Are you wondering how to safely republish content from your blog? Content is a big investment, so it makes sense to make use of it on as many platforms as you can.
Here’s an audio version of this post if you’d prefer to listen to it.
Why Republish Content From Your Blog?
The days of paying 50p per article are (thankfully) behind us, and good quality content is enriching the web thanks to an increased spend on good writing.
The quest for original content has resulted in fewer plagiarised posts, too, which is good news for the people who are paying for the content.
But you can only purchase a certain number of pieces per week, and higher quality inevitably means higher investment. Many of our clients need to post guest blogs to build authority, while also gaining traction by populating their own blog with the same posts.
Without rewriting every single piece of content, it can be difficult to decide which content would be best suited to each destination. That’s when you need to republish content.
This leads us to a logical question: is duplicate content an issue, or can you safely republish that killer blog post more than once?
The answer is yes, you can republish content – if you’re careful.
Duplicate Content Myths
First of all, duplicate content is not the biggest Search Engine Optimisation (SEO) sin out there. Messages conflict, but Matt Cutts is on record saying that publishers need not worry too much about duplicate content.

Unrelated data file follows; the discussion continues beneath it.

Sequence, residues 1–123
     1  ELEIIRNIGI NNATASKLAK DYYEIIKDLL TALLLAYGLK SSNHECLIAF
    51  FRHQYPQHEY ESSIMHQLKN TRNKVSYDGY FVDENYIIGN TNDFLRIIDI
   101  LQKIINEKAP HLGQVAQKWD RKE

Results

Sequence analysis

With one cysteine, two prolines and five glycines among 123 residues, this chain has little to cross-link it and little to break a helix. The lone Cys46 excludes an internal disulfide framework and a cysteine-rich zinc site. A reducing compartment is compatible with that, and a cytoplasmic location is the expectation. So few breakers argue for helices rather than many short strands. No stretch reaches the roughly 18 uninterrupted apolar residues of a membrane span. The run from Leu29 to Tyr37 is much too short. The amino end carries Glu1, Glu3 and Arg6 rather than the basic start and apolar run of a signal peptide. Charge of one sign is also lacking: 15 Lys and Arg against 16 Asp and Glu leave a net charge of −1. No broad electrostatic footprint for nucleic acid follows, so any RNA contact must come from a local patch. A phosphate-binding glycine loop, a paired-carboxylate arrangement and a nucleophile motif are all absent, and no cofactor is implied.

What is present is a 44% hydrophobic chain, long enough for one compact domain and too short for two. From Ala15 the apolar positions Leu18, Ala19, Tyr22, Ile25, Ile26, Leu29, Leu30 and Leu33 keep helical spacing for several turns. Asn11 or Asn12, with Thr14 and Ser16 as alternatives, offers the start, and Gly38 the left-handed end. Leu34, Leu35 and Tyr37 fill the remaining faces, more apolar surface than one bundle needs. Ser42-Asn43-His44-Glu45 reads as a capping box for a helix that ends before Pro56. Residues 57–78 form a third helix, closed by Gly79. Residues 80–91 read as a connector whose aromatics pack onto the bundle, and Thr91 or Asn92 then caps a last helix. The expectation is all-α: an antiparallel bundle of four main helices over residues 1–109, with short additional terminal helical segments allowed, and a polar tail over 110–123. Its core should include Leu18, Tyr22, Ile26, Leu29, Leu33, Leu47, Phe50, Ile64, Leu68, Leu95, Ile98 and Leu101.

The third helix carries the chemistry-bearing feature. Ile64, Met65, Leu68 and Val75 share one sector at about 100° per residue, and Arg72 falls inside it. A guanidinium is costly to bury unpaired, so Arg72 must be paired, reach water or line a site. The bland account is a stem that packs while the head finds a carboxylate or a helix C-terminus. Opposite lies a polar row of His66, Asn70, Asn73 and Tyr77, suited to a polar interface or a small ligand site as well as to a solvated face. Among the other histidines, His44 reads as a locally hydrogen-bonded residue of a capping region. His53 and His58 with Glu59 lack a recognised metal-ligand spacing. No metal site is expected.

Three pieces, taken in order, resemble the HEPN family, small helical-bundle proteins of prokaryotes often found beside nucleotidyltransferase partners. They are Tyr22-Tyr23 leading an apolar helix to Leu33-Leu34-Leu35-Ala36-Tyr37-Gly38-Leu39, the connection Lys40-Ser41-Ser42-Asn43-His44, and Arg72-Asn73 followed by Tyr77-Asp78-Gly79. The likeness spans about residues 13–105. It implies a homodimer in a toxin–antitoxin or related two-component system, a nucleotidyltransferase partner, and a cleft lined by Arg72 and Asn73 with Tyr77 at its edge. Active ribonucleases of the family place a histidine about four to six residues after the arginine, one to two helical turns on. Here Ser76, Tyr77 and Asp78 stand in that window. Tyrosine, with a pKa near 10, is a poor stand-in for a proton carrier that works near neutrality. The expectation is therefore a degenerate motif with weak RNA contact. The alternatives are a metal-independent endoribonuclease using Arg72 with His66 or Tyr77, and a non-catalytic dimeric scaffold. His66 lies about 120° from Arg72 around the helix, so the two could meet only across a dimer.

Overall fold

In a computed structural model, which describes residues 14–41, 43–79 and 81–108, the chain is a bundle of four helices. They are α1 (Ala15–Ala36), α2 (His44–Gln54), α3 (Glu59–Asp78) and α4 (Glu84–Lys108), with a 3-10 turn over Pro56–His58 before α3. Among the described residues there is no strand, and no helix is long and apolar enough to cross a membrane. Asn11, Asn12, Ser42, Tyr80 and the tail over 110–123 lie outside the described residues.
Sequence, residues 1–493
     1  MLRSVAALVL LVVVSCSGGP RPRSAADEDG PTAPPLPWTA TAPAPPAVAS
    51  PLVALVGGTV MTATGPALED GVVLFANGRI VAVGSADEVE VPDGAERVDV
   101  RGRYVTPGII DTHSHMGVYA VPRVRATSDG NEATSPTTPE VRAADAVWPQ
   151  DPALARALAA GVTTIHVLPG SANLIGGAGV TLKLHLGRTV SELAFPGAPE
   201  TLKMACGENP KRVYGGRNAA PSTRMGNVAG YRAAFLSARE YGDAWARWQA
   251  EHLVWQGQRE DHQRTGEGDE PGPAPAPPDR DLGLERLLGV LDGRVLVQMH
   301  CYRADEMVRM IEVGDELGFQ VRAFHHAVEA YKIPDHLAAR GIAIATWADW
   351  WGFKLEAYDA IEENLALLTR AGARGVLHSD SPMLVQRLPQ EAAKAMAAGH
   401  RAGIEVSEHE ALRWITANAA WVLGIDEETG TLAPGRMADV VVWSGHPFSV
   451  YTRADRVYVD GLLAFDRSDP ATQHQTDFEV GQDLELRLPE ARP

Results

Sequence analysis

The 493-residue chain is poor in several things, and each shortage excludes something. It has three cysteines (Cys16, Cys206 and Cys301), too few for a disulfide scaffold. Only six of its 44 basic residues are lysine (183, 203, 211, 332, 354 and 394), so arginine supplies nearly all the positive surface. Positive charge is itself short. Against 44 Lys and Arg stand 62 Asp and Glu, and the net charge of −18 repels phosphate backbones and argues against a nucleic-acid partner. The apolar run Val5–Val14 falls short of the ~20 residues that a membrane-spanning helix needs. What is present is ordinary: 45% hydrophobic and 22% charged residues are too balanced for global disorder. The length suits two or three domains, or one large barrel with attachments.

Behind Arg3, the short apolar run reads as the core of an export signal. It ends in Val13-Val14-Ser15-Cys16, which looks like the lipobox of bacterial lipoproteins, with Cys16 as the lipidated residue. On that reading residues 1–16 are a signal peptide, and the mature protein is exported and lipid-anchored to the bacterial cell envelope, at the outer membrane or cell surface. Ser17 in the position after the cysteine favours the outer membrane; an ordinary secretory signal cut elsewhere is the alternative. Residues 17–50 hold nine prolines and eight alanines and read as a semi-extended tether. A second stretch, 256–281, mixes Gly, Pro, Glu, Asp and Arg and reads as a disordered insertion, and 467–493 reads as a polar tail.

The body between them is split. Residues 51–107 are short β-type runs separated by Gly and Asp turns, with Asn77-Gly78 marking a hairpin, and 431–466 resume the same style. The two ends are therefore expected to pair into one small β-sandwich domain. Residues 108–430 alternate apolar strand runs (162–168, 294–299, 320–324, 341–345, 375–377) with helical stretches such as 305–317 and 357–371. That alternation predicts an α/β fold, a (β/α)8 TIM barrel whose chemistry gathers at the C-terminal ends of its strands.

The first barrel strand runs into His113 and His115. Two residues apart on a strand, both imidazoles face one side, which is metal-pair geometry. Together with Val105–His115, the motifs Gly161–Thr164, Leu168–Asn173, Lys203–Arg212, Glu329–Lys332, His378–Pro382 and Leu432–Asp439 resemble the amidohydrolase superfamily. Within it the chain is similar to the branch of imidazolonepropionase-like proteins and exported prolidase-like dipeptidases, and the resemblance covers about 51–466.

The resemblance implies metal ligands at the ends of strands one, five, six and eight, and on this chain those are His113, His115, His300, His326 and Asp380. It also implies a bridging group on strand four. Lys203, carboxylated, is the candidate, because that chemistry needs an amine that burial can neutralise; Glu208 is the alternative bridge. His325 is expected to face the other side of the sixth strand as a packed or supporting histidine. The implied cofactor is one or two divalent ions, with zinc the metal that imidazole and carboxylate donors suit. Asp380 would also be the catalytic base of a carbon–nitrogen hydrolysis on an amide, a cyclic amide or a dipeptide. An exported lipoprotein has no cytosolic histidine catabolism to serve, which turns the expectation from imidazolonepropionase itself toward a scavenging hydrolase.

Despite this, it’s not a good idea to duplicate content across multiple sites in an effort to manipulate your rankings. And it’s always good to check your own website to make sure you haven’t duplicated product descriptions or large chunks of blogs.
But if a large site republishes content from a smaller site, there are benefits.
On a basic level, a clever internal link in the right place in the original blog could drive a lot of traffic.
But to achieve safe duplication, you should use rel=canonical if you choose to republish a blog. That way it’s perfectly fine to use it to republish content across multiple domains, including other publishers’ blogs.
What Is Rel=Canonical?
Rel=Canonical is a tag you can add to your content to tell Google where the original source is.
Search engines know that sometimes blog posts do get republished in different places, so the rel=canonical tag helps them to identify the primary piece of content.
Rel=canonical also sidesteps the question of whether duplicate content is ‘bad’. It lets Google, Yahoo! and Bing see multiple URLs as though they are the same URL.
How does this work in practice?
Yahoo! and MSN are well known syndication partners for many large brands. It’s also fairly common for news websites to republish content from agencies or other partners. Penalising content syndication would cause unnecessary problems for them.
Additionally, it would penalise ecommerce sites like Amazon who re-use the same page content for various products, and on many different domains.
All of that web content exists for a useful purpose and isn’t designed to catch anyone out.
A canonical URL is the solution to all of these problems. It lets you serve the same content on more than one page, or more than one domain, quite safely.
You can use the exact same technique to publish blog posts in 2 or more places. For example, after your web copywriter has supplied a blog, you could publish a post on your own website first, and then publish it on a much bigger network using the rel=canonical method.